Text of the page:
Pokemon Scarlet and Violet Preview – Promising but Rough
After ten minutes of announcements for existing games and minor updates, the Pokemon Presents showcase for February 27 ended on a shocking reveal. A suspense-building live-action trailer showed a security guard investigating a mysterious building. Afterward, the Pokemon Company confirmed that Pokemon Scarlet and Violet, the ninth generation of its pocket-monster-catching franchise, is set to release on the Nintendo Switch later this year. This new set of games will bring players into a never-before-seen region, with new and old Pokemon alike appearing along their journey. Much like in the reveal of Sword and Shield in February 2019, the trailer only showed a brief glimpse of the region or gameplay. But in those passing shots, TPC revealed enough content to allow us to speculate about what the future of Pokemon games will look like going forward, and it’s not promising. Following the mild innovation that Pokemon Legends: Arceus displayed it seems that the Pokemon series is going back to safer footing.
Shifting the Formula: Will it Be Enough?
Saying that the Pokemon franchise has always tended towards stagnation is one of modern gaming’s greatest cliches. That doesn’t make it any less true: take a look at past generations of Pokemon titles. It’s hard not to notice how the franchise has ground to a halt in terms of reinvention or innovation beyond the barest mechanical changes or graphical updates. This stasis is exactly why Pokemon Legends: Arceus presented such a breath of fresh air for many. Not only does it do away with random encounters altogether, but it also introduces new dimensions in terms of interacting with the environments and Pokemon, leading to one of the series’ most believable and engaging worlds yet. You can argue that Pokemon Legends: Arceus is technically a spin-off, but it promised great things that could be one direction for the series going forward. At the same time, that’s exactly why the announcement of Pokemon Scarlet and Violet following so quickly after the release of Arceus could be a worrisome sign.
Pokemon Legends: Arceus included a plethora of changes that are a step in the right direction, but it’s far from perfect; its story verges on the nonsensical, the vast environments feel bland and empty, and its combat is underdeveloped. With its release window slated for later this year (around November 2022), I’m doubtful that Scarlet and Violet will have enough time to learn from Arceus’ mistakes and offer meaningful advances in its gameplay. Even if Scarlet and Violet manages to make improvements, its promise of an open-world adventure feels far less enticing – especially now that players have had a taste of the exploratory gameplay loop in Pokemon Legends: Arceus.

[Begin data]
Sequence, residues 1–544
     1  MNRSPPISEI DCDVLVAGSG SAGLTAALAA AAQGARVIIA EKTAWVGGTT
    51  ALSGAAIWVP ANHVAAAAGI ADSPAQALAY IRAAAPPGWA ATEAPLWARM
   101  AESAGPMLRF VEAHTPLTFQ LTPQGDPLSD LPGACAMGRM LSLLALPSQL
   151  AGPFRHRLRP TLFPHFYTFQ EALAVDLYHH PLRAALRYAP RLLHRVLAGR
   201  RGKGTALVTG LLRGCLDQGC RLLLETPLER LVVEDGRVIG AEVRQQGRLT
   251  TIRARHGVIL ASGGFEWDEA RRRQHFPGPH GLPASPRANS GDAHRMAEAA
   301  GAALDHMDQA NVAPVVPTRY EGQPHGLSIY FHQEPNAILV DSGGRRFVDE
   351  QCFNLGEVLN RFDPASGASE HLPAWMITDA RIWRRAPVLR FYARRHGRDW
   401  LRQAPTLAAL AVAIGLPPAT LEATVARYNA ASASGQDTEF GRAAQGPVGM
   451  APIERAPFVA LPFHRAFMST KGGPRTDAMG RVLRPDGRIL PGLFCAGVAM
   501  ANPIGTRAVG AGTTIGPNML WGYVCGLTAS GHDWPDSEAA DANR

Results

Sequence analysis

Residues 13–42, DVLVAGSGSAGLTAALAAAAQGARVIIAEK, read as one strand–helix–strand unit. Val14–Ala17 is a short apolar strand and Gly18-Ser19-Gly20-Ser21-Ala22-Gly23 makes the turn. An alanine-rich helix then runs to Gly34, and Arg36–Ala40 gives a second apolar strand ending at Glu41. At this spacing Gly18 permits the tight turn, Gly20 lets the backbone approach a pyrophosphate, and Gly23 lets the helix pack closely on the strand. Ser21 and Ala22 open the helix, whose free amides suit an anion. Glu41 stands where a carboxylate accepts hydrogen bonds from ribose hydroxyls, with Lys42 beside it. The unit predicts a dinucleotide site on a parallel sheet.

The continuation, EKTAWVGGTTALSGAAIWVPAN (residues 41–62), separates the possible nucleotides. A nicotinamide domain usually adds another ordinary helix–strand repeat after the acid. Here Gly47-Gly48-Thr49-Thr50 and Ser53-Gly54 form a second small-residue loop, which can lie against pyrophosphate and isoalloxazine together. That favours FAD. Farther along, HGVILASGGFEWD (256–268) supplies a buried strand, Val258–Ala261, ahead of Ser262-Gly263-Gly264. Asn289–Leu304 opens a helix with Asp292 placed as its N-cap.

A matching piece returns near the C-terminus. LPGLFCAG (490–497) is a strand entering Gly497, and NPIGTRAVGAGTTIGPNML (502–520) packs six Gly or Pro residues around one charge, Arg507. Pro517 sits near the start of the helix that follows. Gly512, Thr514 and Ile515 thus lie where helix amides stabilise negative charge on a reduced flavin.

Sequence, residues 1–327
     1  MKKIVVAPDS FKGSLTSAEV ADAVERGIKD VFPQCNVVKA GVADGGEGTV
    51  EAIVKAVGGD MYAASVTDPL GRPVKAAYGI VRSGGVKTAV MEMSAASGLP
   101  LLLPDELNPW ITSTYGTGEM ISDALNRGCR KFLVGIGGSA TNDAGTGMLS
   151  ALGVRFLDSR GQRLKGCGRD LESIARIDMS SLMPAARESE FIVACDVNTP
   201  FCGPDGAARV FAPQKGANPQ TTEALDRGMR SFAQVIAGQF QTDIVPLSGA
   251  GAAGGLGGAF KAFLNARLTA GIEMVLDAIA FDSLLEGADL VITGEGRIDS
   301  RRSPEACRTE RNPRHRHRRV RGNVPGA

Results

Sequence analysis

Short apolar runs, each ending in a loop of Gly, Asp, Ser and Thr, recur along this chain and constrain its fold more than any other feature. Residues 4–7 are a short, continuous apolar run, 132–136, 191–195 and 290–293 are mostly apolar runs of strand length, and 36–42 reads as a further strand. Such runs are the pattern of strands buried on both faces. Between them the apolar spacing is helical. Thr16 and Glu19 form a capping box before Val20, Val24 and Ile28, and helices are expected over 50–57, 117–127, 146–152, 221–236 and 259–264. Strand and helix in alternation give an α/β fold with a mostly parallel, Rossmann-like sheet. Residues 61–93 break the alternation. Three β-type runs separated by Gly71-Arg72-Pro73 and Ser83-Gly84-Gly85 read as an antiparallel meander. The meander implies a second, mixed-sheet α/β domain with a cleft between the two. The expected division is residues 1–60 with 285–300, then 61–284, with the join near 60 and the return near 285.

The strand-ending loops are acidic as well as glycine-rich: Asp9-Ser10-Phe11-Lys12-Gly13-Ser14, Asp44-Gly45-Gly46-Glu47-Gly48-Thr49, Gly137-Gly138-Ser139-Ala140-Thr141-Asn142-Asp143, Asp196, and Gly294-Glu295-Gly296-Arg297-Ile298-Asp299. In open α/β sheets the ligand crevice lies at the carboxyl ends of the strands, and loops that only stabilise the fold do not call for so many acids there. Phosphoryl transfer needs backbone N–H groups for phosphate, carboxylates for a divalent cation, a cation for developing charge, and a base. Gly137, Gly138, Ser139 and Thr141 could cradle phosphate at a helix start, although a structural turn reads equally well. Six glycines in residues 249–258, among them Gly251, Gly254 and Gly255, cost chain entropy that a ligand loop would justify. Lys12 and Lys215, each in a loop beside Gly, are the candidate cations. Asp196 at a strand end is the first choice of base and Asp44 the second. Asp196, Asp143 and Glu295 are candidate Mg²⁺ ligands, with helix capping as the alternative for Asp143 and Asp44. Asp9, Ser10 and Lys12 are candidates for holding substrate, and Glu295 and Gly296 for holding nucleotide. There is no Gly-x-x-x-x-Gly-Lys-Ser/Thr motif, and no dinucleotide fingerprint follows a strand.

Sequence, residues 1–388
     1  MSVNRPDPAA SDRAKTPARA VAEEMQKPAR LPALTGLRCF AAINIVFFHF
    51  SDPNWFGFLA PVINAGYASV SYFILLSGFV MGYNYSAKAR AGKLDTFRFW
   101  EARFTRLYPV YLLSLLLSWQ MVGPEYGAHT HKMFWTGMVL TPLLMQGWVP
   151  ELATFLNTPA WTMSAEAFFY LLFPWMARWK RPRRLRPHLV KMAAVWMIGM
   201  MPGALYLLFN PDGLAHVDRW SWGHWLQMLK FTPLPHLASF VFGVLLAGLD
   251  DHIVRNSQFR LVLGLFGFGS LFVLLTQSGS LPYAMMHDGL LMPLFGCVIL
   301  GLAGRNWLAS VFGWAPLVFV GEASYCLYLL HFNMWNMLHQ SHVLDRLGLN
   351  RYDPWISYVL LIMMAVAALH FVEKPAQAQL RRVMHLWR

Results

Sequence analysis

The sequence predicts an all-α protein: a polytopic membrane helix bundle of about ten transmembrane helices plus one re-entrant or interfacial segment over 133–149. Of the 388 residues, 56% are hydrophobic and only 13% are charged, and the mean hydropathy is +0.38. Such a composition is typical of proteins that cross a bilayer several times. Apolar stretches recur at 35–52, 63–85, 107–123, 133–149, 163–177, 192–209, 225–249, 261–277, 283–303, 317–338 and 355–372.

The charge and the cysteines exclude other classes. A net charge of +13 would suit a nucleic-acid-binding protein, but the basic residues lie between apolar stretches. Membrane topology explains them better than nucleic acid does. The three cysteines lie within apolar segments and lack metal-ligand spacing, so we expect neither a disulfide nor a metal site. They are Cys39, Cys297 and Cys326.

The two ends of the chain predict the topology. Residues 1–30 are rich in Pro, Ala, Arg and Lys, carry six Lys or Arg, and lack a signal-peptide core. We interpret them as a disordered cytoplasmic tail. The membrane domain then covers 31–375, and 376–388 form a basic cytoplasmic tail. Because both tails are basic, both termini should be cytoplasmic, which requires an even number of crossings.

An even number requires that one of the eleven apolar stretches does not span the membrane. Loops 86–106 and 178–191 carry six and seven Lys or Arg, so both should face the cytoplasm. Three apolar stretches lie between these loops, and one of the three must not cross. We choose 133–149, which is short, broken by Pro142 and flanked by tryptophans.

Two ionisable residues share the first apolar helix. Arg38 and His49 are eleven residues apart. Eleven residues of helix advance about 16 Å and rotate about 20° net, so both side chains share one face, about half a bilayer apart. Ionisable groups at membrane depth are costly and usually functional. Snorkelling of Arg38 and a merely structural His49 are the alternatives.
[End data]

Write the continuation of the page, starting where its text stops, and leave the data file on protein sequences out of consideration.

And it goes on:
Pokemon Scarlet and Violet Doesn’t Look Great
I’m only basing my impressions contrary to the trailer reveal, and from what I’ve seen, Pokemon Scarlet and Violet haven’t given the best first impressions. Its starters may be adorable as always, but boy does the gameplay in the debut trailer come riddled with stuttering performance and graphical glitches – even an indie dev team could do better in this department. Now, before you flame me to oblivion, I know this footage comes from a pre-release build of the game and there’s a chance that these concerns could all be corrected ahead of launch. Then again, I must argue that this is Game Freak we’re talking about; Pokemon fans know never to expect too much in the technical department.
All signs are pointing to the ninth generation of Pokemon having yet another rushed release for Game Freak for the Holiday (can’t pass up that sweet, sweet Christmas money!) – a schedule that hardly seems necessarily considering that Arceus is already a hit for early 2022.
An Unwanted Guest
The imminent entrance of Pokemon Scarlet and Violet seems even more unnecessary when compared to all the other possibilities that the Pokemon Company could have focused on this year. They’ve been knocking it out of the park lately when it comes to their spinoffs and side games in recent years, with titles like New Pokemon Snap, Pokemon Unite, and even Pokemon Cafe ReMix posting as new possibilities for what Pokemon gameplay can be beyond the usual turn-based battles. Each of the titles I’ve mentioned introduces new takes on the franchise, and with Pokemon Legends: Arceus already filling the gap for a large-scale single-player adventure this year, the Pokemon Company could’ve taken the chance to further emphasizes different kinds of Pokemon experiences.
And yet here we are, and Game Freak once again churns out a meaty RPG to prop up the company’s multimedia empire. I’m not doubting that Pokemon Scarlet and Violet will be one of this year’s biggest blockbuster successes – even if I sit here all day to nitpick its graphics or complain about the untimely release schedule, the Pokemon franchise is just too big to fail at this point. Ultimately, what we’re seeing now is a time of change for Pokemon, and Scarlet and Violet will be the “test” to see whether Game Freak’s strategies need reevaluating or if it’ll be the tone of how the Pokemon games will work in the years to come.